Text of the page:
Hem > English > We need to learn from our mistakes

We need to learn from our mistakes

juli 20, 2011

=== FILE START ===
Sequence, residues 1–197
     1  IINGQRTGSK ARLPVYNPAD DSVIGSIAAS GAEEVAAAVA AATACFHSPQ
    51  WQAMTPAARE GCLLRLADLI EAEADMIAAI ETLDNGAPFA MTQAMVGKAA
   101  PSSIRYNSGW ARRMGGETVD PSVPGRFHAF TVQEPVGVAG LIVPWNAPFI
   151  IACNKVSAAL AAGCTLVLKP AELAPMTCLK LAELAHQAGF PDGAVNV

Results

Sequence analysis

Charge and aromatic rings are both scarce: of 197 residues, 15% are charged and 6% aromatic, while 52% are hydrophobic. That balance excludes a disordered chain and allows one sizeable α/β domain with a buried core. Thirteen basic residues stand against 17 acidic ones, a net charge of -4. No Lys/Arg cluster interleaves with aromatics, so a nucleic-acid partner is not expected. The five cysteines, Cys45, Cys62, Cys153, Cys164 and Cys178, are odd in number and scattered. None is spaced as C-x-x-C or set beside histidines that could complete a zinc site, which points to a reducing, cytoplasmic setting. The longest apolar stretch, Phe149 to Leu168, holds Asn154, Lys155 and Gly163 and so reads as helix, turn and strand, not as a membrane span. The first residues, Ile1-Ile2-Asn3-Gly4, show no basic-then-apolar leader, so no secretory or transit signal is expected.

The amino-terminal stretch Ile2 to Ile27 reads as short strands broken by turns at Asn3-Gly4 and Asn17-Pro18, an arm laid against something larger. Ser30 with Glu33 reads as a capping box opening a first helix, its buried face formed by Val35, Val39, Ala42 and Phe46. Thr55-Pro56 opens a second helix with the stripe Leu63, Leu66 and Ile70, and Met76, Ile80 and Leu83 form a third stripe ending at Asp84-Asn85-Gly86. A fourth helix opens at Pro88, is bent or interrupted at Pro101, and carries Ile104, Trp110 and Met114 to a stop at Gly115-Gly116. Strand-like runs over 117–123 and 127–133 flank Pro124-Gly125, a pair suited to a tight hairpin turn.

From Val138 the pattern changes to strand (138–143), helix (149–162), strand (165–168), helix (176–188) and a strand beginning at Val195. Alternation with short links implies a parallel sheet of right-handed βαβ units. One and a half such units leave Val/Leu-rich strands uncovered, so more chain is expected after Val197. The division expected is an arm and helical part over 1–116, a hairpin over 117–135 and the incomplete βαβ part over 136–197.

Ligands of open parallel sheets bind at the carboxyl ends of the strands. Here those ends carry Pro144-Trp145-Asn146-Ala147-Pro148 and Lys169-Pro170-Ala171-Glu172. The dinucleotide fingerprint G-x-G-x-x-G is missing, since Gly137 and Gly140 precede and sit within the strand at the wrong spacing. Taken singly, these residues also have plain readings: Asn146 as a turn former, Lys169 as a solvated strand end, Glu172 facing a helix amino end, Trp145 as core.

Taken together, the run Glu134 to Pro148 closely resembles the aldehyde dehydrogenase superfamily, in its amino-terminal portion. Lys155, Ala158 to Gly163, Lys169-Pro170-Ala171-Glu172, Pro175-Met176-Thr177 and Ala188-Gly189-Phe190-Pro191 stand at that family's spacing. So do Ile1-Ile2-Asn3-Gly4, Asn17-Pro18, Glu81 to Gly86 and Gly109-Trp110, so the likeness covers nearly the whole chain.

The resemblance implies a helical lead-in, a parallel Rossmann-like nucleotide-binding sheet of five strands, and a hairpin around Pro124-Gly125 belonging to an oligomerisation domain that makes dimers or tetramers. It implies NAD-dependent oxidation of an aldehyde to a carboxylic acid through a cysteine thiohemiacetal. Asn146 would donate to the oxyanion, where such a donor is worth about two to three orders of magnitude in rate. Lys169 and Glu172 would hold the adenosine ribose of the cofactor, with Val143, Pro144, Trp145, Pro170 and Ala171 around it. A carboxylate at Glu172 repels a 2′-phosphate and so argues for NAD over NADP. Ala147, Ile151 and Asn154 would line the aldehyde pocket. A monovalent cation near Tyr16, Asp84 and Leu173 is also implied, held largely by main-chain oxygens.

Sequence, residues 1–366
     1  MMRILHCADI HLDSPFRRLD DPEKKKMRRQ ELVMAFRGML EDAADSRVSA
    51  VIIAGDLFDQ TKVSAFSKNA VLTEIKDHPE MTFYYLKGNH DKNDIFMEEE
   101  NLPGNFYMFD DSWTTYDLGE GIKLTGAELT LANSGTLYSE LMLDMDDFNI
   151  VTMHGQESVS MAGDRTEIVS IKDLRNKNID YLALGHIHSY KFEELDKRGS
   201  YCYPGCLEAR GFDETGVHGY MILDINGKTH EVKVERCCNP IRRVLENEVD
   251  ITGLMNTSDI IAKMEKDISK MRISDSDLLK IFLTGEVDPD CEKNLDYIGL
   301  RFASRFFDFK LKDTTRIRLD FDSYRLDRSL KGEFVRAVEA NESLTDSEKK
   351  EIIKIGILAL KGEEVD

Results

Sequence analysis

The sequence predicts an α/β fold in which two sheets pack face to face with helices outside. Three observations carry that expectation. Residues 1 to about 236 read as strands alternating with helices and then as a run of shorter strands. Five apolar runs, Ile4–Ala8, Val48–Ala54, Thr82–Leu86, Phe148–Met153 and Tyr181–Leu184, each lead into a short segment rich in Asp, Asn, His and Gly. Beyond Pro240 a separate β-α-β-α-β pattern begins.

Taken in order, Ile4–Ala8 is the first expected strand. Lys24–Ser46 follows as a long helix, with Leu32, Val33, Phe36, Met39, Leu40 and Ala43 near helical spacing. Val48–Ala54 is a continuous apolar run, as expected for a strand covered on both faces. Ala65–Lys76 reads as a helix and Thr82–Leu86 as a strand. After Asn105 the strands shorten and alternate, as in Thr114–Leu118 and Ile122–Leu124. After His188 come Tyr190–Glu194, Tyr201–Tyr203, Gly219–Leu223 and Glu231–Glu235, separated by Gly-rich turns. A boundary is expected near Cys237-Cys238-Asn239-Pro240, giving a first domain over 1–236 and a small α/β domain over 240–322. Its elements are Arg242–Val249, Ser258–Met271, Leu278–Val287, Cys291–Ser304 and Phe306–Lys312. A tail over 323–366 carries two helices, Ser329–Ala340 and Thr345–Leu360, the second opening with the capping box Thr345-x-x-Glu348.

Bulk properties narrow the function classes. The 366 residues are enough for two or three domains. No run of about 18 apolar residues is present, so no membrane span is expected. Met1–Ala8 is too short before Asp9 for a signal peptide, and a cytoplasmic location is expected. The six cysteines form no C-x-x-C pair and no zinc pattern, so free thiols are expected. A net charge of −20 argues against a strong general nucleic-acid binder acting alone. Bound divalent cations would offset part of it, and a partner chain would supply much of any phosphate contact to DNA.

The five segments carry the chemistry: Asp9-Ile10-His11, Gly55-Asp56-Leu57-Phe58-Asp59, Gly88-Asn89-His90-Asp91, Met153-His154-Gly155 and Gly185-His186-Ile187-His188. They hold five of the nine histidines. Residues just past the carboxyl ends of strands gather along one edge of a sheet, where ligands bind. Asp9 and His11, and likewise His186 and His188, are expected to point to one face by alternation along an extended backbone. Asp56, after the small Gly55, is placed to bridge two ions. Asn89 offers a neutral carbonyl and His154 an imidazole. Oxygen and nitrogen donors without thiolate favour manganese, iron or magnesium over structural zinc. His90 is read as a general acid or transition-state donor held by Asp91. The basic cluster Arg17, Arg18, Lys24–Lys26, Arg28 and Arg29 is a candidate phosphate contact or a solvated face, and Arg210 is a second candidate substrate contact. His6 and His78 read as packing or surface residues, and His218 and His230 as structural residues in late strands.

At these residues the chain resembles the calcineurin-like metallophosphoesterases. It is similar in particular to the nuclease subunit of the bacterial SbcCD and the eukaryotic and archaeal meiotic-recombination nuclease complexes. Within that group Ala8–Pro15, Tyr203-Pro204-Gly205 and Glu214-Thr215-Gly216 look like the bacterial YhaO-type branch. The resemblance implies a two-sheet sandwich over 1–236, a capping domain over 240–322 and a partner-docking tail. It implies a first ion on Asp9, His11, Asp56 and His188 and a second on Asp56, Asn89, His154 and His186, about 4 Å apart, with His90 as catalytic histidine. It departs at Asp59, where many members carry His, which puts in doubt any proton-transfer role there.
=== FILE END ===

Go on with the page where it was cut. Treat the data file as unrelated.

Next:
It is my fourth nightshift in a row. I have slept well during the day and am not feeling particularly tired. At 4 am an old man is brought in by the EMS with abdominal pain as his chief complaint. They are laughing about how he received them with an opiate lollypop in his mouth and walked down to the ambulance seeming rather unaffected by this pain that had caused him to call for their assistance in the middle of the night. After hearing this story I go to see the man. He looks just fine, but gets really annoyed when I try to get a history, unwilling to let me know much more than that he has unbearable abdominal pain. His abdomen is rigid, but since he refuses to lay back and relax I can’t  examine him properly. He wants more analgesics and I do give him a shot of morphine, rather reluctantly since he seems to have a lot of stuff at home, including the fentanyl lollypops the EMS staff reported about. I go to check his prior records and see that he has chronic abdominal pain and was admitted a couple of months earlier for excruciating chest pain that radiated down to his abdomen. The workup then was negative. I make the assumption that the patient is constipated from all the opiates and order an enema. Afterwards he denies feeling better, but he is up and moving around his bed. His vitals and labs are all normal. I decide that he is better off at home in his own bed than in the ED on a stretcher. To arrange transport usually takes a while so I am pleased to hear that they are already on their way to pick him up. We call his home care service and they promise to go to his home and help him out as soon as he gets back. I feel pretty good about myself. This would have been the kind of admission that all the consultants always think should have been placed somewhere else, even though every doctor can treat his pain and none can cure his underlying condition. I played it cool and sent him home. The nurses think I did a good job.